Home builder Myers said that of the total 212 affordable homes Thrive has sold in Stapleton, only one buyer has gone into foreclosure. Thrive is not the only builder of affordable homes in Denver. According to OED figures, 263 homes in its program have been foreclosed since 2005, most of them between 2008 and 2013, during the height of the recession.
Myers said that as he reads the city’s voluminous Inclusionary Housing Ordinance, OED staff members have the option of determining that a prospective buyer is eligible to participate in the affordable housing program based simply on whether they are earning at least 50 percent of the area median income and generally not over 80 percent. Nine of 10 Thrive home buyers were able to enter the program under that rule, Myers said. It is too strict to require that families spend no more than 35 percent of their income on housing, he said, noting that private lenders and the Federal Housing Administration are more lenient.
Myers added that many people trying to buy a home are spending more than 35 percent of their income on rent. Lindsay Wilson falls into that category.
Wilson has been commuting from Colorado Springs since taking a job managing a warehouse for a Denver plastic products manufacturer about two years ago. In that two years he had looked in vain for a house he could afford in Denver until he found Thrive’s Elements. Wilson said he was impressed with not only the price of a townhome, but Thrive’s reputation and the energy-efficiency of its houses.
Wilson and his wife Gale obtained a loan and entered a sale contract.
“Then the city changed the rules at the last minute and we no longer qualify,” Wilson said.
“As I understand it the city’s concerned about people not being able to make their mortgage payments,” Wilson said. He said the lender that approved his loan for an Elements townhome calculated that his family’s housing costs would be 37.5 percent of income.
“I’m two and a half percent under-qualified,” Wilson said. “I’m just speechless.
“It seems ridiculous that somebody is willing to lend me money and take the risk but the city says, ‘No.’
“Our rent is $200 more than what our (mortgage and fees) payment was expected to be,” Wilson said.
Wilson said he would have saved money on commuting and expected his energy costs to be low. Some experts have said such transportation and utility costs also should be considered when determining whether a family’s housing costs are too burdensome.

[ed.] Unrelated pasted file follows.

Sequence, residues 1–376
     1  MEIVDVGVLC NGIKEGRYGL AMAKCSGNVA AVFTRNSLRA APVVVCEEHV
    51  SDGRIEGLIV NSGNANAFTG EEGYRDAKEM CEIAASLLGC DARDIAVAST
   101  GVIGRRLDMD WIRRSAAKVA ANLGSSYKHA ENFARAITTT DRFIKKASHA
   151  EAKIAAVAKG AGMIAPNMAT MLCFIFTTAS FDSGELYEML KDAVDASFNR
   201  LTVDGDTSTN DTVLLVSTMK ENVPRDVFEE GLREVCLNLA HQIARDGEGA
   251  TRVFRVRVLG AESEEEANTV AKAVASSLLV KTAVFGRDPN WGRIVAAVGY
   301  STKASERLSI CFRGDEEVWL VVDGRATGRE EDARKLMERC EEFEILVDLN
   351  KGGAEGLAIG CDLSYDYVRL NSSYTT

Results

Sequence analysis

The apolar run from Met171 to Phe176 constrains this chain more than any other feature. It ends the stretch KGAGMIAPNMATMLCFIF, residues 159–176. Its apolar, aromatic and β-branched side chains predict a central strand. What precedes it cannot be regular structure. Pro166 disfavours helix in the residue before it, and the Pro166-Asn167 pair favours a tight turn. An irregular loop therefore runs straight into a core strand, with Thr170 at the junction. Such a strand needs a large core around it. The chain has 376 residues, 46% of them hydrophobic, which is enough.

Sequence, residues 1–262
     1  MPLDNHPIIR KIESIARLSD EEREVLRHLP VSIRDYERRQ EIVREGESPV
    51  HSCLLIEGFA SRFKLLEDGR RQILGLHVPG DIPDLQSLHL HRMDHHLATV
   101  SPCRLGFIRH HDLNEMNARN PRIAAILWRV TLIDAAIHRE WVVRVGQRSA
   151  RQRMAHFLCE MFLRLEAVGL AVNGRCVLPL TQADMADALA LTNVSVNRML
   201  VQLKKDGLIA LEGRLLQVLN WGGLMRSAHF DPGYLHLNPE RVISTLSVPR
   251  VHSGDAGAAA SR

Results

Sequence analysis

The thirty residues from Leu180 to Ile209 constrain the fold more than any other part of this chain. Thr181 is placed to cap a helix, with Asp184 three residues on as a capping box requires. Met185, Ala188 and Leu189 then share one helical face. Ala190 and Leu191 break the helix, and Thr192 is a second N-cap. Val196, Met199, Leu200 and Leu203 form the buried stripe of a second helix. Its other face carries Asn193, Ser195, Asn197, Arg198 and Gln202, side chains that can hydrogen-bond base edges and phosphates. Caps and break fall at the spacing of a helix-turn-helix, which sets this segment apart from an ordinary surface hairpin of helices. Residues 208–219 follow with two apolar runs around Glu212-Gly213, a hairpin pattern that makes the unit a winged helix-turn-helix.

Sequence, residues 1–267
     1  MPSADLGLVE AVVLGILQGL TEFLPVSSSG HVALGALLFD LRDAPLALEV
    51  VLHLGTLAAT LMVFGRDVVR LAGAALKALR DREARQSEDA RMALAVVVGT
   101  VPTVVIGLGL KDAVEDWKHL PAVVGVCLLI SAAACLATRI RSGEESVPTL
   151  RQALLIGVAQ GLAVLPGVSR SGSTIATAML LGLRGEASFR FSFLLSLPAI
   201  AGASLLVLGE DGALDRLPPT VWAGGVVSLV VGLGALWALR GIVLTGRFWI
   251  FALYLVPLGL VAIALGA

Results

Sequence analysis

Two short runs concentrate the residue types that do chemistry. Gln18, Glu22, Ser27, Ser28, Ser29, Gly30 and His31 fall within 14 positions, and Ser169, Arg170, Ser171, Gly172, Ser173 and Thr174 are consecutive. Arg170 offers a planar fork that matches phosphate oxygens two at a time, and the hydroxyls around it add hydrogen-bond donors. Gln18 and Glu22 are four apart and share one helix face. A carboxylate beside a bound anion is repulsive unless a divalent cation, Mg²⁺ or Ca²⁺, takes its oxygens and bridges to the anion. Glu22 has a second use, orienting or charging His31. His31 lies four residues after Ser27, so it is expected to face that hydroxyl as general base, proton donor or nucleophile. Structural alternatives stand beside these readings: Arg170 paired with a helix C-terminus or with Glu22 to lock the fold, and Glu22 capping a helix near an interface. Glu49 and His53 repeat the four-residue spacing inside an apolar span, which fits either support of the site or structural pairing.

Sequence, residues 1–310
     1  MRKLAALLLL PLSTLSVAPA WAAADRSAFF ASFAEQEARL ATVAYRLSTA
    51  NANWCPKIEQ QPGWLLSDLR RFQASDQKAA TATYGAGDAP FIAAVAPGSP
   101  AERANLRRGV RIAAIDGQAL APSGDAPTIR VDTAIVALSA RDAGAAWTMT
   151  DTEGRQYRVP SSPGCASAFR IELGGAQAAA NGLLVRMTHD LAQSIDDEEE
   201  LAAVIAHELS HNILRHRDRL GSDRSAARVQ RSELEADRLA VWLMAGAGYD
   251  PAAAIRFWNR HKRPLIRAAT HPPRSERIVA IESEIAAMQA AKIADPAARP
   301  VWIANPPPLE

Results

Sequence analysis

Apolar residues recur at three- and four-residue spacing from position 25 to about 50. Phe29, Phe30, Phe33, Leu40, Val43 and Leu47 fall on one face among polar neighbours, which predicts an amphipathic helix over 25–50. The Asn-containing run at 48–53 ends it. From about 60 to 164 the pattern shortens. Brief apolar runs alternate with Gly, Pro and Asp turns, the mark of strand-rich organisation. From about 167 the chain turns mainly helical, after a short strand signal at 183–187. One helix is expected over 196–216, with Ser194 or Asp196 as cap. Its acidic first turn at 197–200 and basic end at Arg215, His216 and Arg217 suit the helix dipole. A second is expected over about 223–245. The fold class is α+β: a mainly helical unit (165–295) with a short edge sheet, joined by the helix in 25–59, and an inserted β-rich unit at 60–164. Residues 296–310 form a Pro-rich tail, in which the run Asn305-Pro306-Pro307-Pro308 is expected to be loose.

OED’s Fisher said she could understand the frustration of people like Wilson.
“A home is an important thing. It’s a dream for some,” she said.
Her department was working on ways to improve communications to ensure home buyers, developers, realtors and lenders understood the rules and were aware of them early in the process, Fisher said. Counseling agencies had also been contacted as OED considers adopting a policy of referring potential buyers who would be cost-burdened for follow-up review. Housing counselors could determine if an exemption could be made. Home buyer counselers might also direct people to downpayment assistance programs.
Myers said Thrive was trying to find buyers who could meet the 35-percent standard, which often means providing a hefty downpayment. In the meantime, Thrive had stopped seeking lots and pulled back on requesting construction permits for more affordable housing. Myers said Thrive could cut prices, but feared that would affect the value of the Elements homes already sold, leaving earlier buyers owing more than their places were worth.
Myers said he hoped the mayor and City Council members would intervene.
Robin Kniech, an at-large member of the council, said she was reserving judgment while awaiting results of research into how other cities with affordable housing programs vet potential buyers. But she said she was inclined to defer to OED.
“They’re trying to find a rule that will stand the test of time,” the councilwoman said.
Now, Kniech said, OED was being criticized for being too strict. If the economy slows and buyers run into trouble, “people will be quick to blame the department for letting people get into houses that they can’t afford.”